1. Limited time only! Sign up for a free 30min personal tutor trial with Chegg Tutors
    Dismiss Notice
Dismiss Notice
Join Physics Forums Today!
The friendliest, high quality science and math community on the planet! Everyone who loves science is here!

Homework Help: Second order differential equation using substitution

  1. Mar 29, 2012 #1
    1. The problem statement, all variables and given/known data

    2. Relevant equations
    Use the substitution [itex]x=\cos\theta[/itex]

    3. The attempt at a solution
    I started off by listing:




    But don't know whether this helps, or where to go next. Could someone please give me a hint at how to approach this, I'd prefer not to have a full solution, but really am desperate for a starting point!

    With very many thanks,

  2. jcsd
  3. Mar 29, 2012 #2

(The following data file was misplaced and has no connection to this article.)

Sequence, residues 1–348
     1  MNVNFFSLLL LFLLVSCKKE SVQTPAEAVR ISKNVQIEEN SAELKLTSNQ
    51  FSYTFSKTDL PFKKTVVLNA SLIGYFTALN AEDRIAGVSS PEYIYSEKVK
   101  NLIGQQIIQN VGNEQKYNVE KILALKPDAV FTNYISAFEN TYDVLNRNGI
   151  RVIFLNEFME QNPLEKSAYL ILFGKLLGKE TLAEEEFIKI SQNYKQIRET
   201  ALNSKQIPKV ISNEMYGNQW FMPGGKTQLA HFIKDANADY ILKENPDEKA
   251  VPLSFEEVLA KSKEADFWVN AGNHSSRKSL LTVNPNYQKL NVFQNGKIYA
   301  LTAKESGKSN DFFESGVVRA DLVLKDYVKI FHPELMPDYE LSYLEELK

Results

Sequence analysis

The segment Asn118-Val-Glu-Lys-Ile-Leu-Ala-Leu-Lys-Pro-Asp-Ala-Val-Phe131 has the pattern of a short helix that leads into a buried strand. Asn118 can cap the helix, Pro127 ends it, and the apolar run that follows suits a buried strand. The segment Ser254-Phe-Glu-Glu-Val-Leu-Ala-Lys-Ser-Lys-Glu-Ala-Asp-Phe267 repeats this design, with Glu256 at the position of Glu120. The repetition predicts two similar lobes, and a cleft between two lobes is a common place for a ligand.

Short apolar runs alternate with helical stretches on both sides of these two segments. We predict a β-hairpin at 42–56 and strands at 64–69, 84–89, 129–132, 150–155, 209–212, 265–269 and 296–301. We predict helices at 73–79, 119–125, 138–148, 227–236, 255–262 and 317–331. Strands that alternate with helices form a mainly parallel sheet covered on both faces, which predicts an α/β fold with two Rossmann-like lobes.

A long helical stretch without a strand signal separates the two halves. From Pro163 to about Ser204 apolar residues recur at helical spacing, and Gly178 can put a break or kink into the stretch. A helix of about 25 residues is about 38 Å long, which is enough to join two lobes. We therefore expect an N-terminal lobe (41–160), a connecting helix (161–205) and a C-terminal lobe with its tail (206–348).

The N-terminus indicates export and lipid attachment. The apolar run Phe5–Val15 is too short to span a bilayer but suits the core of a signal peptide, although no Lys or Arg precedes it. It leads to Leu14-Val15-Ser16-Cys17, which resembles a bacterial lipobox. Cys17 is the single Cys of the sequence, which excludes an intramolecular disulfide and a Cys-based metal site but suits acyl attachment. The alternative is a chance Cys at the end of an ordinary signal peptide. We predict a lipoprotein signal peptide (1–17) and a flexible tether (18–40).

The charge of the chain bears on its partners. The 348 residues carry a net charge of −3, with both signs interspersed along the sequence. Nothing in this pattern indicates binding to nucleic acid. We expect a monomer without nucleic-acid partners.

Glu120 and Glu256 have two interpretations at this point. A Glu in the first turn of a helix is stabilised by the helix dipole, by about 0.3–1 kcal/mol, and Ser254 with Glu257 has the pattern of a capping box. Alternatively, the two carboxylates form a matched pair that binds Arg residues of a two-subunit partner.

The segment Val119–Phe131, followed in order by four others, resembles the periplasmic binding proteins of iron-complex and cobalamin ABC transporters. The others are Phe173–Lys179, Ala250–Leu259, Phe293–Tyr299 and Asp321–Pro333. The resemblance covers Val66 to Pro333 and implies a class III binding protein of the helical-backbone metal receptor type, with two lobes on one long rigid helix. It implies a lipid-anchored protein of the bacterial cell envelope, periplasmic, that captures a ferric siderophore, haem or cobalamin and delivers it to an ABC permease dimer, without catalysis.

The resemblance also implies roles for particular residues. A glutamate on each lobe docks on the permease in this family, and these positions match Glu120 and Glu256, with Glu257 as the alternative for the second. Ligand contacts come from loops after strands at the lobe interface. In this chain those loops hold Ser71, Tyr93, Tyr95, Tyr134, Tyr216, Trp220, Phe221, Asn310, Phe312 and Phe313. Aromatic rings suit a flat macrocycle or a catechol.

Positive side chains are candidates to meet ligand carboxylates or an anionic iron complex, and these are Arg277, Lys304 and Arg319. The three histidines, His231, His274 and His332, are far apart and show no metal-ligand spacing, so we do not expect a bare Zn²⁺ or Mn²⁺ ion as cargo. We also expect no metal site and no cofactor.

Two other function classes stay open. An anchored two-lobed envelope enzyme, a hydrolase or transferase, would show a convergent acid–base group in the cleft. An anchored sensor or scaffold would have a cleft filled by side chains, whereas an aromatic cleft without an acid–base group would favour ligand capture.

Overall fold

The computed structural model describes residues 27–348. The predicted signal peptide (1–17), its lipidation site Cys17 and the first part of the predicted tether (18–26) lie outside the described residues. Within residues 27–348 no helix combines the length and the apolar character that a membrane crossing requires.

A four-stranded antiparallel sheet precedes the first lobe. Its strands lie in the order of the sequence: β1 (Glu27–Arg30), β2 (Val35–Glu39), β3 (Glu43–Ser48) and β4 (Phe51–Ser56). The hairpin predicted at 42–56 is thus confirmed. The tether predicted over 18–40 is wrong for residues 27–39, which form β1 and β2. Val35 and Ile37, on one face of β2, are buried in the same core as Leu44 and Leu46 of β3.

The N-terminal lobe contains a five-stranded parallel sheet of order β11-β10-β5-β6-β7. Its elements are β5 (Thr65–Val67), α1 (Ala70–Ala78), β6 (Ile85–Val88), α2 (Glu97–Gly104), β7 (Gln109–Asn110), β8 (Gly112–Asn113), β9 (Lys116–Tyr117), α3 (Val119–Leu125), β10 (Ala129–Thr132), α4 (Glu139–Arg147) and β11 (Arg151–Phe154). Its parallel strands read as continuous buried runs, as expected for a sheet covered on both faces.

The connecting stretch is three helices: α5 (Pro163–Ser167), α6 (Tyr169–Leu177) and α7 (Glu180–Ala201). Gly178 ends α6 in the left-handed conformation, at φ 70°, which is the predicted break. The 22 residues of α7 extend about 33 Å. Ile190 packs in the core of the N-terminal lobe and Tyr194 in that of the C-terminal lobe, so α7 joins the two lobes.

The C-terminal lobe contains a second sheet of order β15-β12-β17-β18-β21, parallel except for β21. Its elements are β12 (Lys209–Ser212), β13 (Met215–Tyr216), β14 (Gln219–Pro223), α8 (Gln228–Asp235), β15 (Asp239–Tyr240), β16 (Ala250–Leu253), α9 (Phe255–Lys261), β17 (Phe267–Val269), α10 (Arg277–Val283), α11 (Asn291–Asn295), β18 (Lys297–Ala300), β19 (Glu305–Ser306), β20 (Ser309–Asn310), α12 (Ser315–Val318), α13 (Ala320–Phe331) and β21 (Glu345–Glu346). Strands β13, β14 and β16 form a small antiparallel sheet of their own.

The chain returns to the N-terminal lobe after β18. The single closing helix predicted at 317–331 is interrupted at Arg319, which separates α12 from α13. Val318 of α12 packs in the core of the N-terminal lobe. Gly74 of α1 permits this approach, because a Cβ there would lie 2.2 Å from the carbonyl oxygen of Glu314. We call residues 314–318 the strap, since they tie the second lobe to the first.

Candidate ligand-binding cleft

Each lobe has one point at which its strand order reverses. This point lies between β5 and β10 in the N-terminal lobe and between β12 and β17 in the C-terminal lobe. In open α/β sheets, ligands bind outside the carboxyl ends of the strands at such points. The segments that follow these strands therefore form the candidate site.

User Avatar
    Science Advisor

    Since you are differentiating with respect to [itex]\theta[/itex], you need to use the chain rule:
    [tex]\frac{dy}{d\theta}= \frac{dy}{dx}\frac{dx}{d\theta}= -sin(\theta)\frac{dy}{dx}[/tex]
    [tex]= \frac{d}{d\theta}(\frac{dy}{d\theta})[/tex]
    [tex]= \frac{d}{d\theta}(cos(\theta)\frac{dy}{dx}[/tex]
    [tex]= -sin(\theta)\frac{dy}{dx}+ cos(\theta)\frac{d}{d\theta}\frac{dy}{dx}[/tex]
    [tex]= -sin(\theta)\frac{dy}{dx}+ cos^2(\theta)\frac{d^2y}{dx^2}[/tex]
    Last edited by a moderator: Mar 29, 2012
  4. Mar 31, 2012 #3
    Thanks very much! Have got it now!
  5. Apr 7, 2012 #4
    Hi! I was wondering why
    d/dθ (dy/dθ ) does not =d/dθ (-sin(θ) dy/dx)?

    Also, once you have the relevant expressions how do you solve the differential equation? Do you have to form the auxilliary equation? I tried to do that but it doesn't work out nicely.

Share this great discussion with others via Reddit, Google+, Twitter, or Facebook